FST 1000 THE COLLEGE EXPERIENCE (formerly FST 101) A participative exploration of the fundamentals of college life and the requirements a student is expected to meet in order to complete successfully the first year of studies. Topics treated will include, but not be limited to library use, course planning and registration, scheduling procedures and time management. The course follows a seminar format. Problem solving and decision-making strategies are incorporated into the sessions. Students who do not pass this course must repeat it.   Students accepted into the College's Honors Program will focus on perennial issues that shape the understanding and articulation of the human experience throughout the centuries while at the same time underscoring an ever-changing global perspective. To help establish a community, Molloy Honors students enter as a cohort and pride themselves on a shared love of learning, of travelling abroad, and of service at home, all of which are strongly encouraged and supported each semester.  (Fall ) 1 credit    

HON 3900H (HONORS) CAPSTONE EXPERIENCE (formerly HON 300H) The seminar class is offered in the student's final semester of the Honors Program. It is here that the student begins the process of cultivating and synthesizing their academic, cultural, social and service experiences in the development of a final project. Honors students will complete an honors capstone project of their own design under the mentoring of an Honors Program faculty member. This opportunity will allow the student to work closely with Honors Program faculty to begin creating a project that integrates and builds on the Honors Program curriculum and experiences as it relates to their interests and career goals. The Honors Program students are given the privilege to share their insights with the Molloy community and have the option to submit their work to the National Collegiate Honors Council. All Honors Program students must complete a capstone project in order to graduate with Honors Program distinction. (Offered Fall) 1 credit  

MUS 2900H (HONORS) MUSIC AND SOCIETY THROUGH HISTORY (formerly MUS 224H) The study of music from various perspectives: its history, relation to culture and society, organized around ideas where creative and cultural effects are explored through examination and dialog of music repertoire spanning historical eras and global cultures. Functional aspects of the music will be related to the socio-historical, philosophical and cultural characteristics of the people in that country or region. This course will also explore the development and changes in music style and interest to changes in society as framed by social and cultural contexts of politics, economic factors, technology, conflict and revolution, governance and information. Topics may vary from year to year. (Satisfies General Education Music History requirement.) (Spring) 3 credits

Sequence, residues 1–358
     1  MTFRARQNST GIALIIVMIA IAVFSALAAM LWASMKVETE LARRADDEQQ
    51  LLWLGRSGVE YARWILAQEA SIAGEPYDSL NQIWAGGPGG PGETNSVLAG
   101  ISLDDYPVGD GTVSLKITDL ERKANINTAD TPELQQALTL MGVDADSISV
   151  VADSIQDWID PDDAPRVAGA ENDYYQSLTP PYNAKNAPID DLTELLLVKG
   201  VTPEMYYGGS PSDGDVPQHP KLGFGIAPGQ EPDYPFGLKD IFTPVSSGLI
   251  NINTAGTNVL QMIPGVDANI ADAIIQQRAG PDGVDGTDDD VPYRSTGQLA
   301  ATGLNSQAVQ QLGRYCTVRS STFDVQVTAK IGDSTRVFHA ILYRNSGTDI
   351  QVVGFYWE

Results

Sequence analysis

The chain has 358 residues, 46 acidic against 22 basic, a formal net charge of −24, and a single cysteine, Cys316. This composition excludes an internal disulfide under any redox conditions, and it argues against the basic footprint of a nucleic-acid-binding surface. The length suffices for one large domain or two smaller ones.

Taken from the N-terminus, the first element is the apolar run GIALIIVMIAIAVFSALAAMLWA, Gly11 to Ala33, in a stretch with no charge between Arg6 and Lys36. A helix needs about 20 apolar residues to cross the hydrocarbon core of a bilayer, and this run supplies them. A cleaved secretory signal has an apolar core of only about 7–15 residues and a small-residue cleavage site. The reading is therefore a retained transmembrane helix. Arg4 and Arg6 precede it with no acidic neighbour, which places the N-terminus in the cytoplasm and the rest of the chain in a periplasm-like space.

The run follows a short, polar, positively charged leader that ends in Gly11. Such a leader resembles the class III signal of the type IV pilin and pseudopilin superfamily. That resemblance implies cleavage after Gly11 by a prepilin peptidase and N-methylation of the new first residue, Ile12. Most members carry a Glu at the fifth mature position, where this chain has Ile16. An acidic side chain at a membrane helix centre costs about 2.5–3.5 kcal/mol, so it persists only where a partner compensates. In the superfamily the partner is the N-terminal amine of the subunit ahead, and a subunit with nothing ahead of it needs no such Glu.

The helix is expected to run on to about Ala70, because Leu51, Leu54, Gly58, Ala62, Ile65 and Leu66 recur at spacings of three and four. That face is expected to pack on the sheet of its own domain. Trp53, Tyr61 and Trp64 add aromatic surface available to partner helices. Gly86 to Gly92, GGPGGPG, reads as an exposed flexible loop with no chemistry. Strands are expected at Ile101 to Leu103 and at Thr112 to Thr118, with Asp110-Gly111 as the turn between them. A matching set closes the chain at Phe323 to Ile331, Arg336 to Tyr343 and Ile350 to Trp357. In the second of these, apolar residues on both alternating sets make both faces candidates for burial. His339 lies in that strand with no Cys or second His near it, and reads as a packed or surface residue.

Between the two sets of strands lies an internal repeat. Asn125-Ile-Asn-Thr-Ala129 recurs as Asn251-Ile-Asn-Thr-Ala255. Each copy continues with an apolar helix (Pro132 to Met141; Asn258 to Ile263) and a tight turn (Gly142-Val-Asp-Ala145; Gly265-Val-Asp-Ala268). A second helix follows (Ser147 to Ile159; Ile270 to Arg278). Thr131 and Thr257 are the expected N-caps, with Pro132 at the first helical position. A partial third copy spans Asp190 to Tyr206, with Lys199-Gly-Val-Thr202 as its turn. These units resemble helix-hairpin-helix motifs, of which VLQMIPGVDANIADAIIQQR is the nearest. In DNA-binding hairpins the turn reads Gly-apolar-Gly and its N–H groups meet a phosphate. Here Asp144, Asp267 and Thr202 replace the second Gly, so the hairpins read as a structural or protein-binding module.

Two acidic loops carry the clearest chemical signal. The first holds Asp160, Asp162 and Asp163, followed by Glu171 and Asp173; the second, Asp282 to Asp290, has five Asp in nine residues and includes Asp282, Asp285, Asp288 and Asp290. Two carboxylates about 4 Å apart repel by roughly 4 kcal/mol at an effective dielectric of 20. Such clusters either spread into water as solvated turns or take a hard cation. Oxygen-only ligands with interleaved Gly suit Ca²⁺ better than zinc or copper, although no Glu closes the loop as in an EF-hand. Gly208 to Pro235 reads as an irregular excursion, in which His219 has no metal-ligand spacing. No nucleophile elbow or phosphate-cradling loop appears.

PHI 2900H (HONORS) CIVILIZED IDEAS (formerly PHI 225H; PHI 325H; French Thought and Civilization; Ancient to Early Modern; Ancient and Medieval) All great societies are founded upon profound philosophical ideas. Philosophers throughout the centuries have attempted to give voice to these ideas in ways that are consistent with the cultures in which they arise. This course will focus on a specific historic society in Western civilization (Ancient Greece, Imperial Rome or Enlightenment France) and will explore the seminal ideas that have shaped that society and its people. Honors students only. 3 credits    

SOC 2900H (HONORS) SOCIOLOGICAL IMAGINATION (formerly SOC 225H; SOC325H) A study of the sociological tradition from its origins and development as an empirical science. The sociological imagination will be used to examine major scientific and cultural innovations and to analyze the process of social change. Honors students only. (Offered Fall) 3 credits    

TRS 2900H (HONORS) WORLD RELIGIONS, GLOBAL CITIZENS: CONTEMPORARY PERSPECTIVES (formerly TRS 220H) A study of central themes in several of the world's major religions, focusing on perceptions of the sacred, the nature of reality, and understandings of the human person, society and the natural environment. The course approaches perennial questions of human religious experience in light of the contemporary context of cultural globalization. Encountering the life stories and thought of contemporary religious figures who express not only the human search for meaning, but also compelling perspectives on cultural diversity, our shared humanity, reverence for life and the search for the common good, the course considers the contribution of world religions to the evolving meaning of the term, 'global citizens'. Honors students only. 3 credits

Contact Us

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Honors Program
1000 Hempstead Avenue Siena 108 Rockville Centre, New York 11571-5002

516.323.4051

dmcgann@molloy.edu